Unless Congress acts to raise the federal government's debt ceiling, the Treasury Department will run out of the ability to borrow money by October 17. Treasury has said that the cash it now has on hand will run out completely on November 1, leaving the government in essence without money to pay its bills.
So what is the debt ceiling? It's a cap set by Congress on how much the government can borrow in order to pay its debts. And here's why it's important:
Warnings about not raising the debt ceiling have been dire. The major credit rating agencies have said they might consider the U.S. in default if it fails to pay its bills, and many economists have warned that there could be a major slowdown to the economy, with job losses alongside a rise in interest rates affecting a range of products from credit cards to home mortgages.
Other fears are that foreign investment in U.S. Treasurys and the dollar would dry up over worries about lost returns.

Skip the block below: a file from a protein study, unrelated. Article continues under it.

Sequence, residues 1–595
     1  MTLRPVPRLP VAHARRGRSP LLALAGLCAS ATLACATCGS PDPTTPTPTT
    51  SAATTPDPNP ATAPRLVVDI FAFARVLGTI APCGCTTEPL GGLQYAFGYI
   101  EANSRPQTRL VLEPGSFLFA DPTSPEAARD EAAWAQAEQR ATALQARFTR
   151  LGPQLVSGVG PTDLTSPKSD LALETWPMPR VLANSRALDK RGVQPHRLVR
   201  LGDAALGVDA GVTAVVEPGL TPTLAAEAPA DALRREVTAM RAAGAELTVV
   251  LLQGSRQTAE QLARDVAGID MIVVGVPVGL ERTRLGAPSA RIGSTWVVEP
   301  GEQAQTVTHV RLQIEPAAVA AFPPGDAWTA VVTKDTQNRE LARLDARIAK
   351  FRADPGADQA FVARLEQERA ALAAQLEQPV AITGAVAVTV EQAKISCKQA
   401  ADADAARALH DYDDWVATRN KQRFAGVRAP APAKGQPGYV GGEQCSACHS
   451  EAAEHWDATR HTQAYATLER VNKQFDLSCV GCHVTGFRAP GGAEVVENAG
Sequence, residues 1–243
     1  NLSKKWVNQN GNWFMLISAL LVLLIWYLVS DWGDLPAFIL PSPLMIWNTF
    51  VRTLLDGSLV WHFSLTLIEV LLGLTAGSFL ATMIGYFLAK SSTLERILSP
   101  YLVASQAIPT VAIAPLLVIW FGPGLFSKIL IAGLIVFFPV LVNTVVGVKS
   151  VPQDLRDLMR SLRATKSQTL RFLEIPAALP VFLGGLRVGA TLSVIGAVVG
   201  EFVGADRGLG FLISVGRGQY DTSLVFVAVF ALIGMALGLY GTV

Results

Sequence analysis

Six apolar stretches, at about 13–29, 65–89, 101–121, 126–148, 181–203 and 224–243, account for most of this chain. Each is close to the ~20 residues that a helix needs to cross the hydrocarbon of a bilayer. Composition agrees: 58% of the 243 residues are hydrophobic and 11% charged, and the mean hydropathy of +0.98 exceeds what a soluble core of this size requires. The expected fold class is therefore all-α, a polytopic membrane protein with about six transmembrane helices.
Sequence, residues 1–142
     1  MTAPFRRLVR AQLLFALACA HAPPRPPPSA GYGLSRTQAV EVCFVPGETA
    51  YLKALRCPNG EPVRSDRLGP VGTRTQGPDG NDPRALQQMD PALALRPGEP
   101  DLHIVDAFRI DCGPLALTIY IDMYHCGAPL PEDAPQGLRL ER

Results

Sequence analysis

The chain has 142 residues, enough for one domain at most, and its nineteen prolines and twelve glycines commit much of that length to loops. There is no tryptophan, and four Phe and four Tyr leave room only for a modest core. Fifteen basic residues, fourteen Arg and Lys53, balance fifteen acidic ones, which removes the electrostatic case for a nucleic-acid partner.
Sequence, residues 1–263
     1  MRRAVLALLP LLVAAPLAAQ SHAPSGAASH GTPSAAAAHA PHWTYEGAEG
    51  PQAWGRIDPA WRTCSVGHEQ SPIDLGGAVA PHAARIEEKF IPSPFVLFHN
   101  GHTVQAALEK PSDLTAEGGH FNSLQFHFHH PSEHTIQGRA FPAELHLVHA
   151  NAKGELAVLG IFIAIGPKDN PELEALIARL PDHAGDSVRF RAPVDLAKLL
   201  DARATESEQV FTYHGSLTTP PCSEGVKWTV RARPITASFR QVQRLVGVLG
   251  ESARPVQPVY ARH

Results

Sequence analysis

Federal debt is the amount of money the government currently owes for spending on payments such as Social Security, Medicare benefits, military salaries, interest on the national debt and tax refunds.
But It is not future debt. The debt limit simply allows the government to finance existing legal obligations that Congress and presidents of both parties have made in the past.
The debt ceiling idea came about in 1917. Before then, Congress had to approve borrowing for each item when the government needed money.
But in order to have more flexibility as the U.S. entered World War I, lawmakers at that time agreed to give the government approval for all borrowing as long as the total was less than a specific number. That debt limit number would be set by Congress.